Wykoff council takes up deer
carcass, names new city park
Tuesday, April 22, 2014 10:26 AM
Wykoff's city council dealt with some literally bony issues during its April meeting held Monday, April 14.
Wykoff residents Jim and Diane Petrich attended the meeting to show the council photographs of a neighbor's yard, citing that the neighbor has had a deer carcass hanging in his garage - visible to anyone from the street - since last fall. The Petriches also reported that their neighbor allowed deer parts to fall into their yard, and that they had had enough of the fallout and the smell.
The council thanked the couple for bringing a formal complaint to the city, as doing so gave the council authority to send a letter to the landlord, the tenant and the sheriff's department.
In other matters, Mayor Lyman Hare shared an update on the land located on the southeast corner of Gold Street and Highway 80, as it was to be left to the city from the estate of John "Bud" Kavanagh, and the city hopes to turn it into a park. Kavanagh's lawyer had expressed in paperwork submitted to the city that it was wished that the park be named in honor of Kavanagh. The council voted in favor of acquiring the land and marking it with a plaque that reads "John Edward 'Bud' Kavanagh Park."
Fall Fest Committee member Lois Suckow presented a request from the committee to have Main Street north of Carimona converted to a one way, northbound street before the Fall Fest parade because such action would alleviate traffic congestion on that street and create safer conditions for motorists, pedestrians and parade route directors alike. The committee had already planned how to reroute motorists coming into Wykoff on Highway 80, and also determined that sending softball tournament traffic to the west side of town might prove beneficial as well, getting everyone to their destinations intact.
The council agreed that the proposal has merit and informed Suckow that it would gather input and make a decision at the May council meeting.
In other business, the council dealt with employment applications for a new wastewater treatment plant operator. So far, the city had received 10 applications but none with the required class B wastewater treatment plant operator's licensure.
Wykoff's maintenance foreman, Al Williams, has chosen to retire, but the city hired him back on a temporary basis until a replacement can be found. He stated, in reply to questions posed about how long it takes to obtain a class D license - which he has - that there is no formal wastewater treatment operator's education, but that most of the education is done on the job and that testing to obtain a license is done at the various conferences held throughout the state and the year.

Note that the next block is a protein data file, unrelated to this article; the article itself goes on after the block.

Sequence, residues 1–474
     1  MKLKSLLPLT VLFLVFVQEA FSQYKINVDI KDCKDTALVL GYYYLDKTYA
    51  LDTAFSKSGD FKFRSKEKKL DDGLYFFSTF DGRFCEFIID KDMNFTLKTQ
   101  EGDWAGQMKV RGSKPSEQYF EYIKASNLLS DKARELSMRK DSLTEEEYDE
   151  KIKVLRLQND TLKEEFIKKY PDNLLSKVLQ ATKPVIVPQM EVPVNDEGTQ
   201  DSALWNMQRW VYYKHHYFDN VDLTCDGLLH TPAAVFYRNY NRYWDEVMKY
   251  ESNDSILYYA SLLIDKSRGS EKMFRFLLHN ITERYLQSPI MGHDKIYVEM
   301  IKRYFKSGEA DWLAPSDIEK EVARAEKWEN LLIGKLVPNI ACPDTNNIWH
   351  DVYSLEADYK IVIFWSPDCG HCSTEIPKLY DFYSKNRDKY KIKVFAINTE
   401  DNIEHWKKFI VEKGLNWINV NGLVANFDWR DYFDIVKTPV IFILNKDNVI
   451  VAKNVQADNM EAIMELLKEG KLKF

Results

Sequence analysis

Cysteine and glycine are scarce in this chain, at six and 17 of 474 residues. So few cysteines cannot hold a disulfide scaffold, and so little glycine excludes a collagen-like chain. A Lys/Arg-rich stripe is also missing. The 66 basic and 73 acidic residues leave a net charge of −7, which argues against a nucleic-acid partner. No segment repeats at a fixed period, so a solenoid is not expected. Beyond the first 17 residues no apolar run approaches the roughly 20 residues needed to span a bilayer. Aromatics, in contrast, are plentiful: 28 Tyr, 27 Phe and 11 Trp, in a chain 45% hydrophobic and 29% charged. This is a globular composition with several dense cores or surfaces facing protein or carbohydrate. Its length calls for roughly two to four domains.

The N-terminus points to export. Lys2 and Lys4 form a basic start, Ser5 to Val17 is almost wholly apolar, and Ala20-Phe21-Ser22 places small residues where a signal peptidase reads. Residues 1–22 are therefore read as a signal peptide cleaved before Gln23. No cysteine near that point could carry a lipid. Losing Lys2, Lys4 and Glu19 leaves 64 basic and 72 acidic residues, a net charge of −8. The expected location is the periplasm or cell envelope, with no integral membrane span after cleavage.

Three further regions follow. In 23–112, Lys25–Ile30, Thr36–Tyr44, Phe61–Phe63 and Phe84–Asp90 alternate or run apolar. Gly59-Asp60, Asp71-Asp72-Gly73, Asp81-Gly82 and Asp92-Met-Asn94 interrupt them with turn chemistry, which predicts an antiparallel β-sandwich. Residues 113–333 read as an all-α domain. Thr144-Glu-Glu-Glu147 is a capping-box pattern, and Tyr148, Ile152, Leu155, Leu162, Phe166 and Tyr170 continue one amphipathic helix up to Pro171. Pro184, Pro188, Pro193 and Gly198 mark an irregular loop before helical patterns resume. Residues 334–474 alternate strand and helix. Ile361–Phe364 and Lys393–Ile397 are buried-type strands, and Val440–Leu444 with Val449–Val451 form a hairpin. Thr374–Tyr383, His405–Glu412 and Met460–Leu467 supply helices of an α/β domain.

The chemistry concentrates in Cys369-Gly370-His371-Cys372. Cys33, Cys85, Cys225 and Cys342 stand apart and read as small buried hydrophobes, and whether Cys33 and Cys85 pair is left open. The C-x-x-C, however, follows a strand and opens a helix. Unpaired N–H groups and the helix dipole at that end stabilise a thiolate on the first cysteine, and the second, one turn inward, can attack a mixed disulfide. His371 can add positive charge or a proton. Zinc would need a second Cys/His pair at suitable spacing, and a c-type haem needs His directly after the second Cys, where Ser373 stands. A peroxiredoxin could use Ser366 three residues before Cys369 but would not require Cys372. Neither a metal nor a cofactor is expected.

The city had tentatively hired a new operator with the proper licensure, but that was in July, and Williams's retirement wasn't until November, so the new hire accepted a position with another city.
Regarding the hire of another new operator, councilor Megan Larson asked, "What if we don't move fast enough?" The search for a new operator continues as the council meets this Wednesday evening to review the applications it already has and discusses the city's options.
The sudden realization of a deadline led the council to examine its retroreflectivity plan - the plan required by June 13 for the replacement of stop and other street signs that no longer adequately reflect light at night. Williams asked the council how many signs the city wishes to replace, listing that there are 19 stop signs, approximately 10 yield signs, six parking signs and the regular street signs to be taken into consideration.
Hare asked that Williams contact the state, the county and the township for information on which signs could be replaced under those jurisdictions, after which the council briefly discussed placing handicapped parking signs in front of the community hall to make it easier for disabled persons to attend community functions. A vote passed to mark off handicapped parking between signs the city will soon order.
Lastly, the council voted to replant trees downtown that had replaced the original full-grown trees removed several seasons ago, as Williams admitted that the new saplings were a casualty of snowblowing the sidewalks this past winter.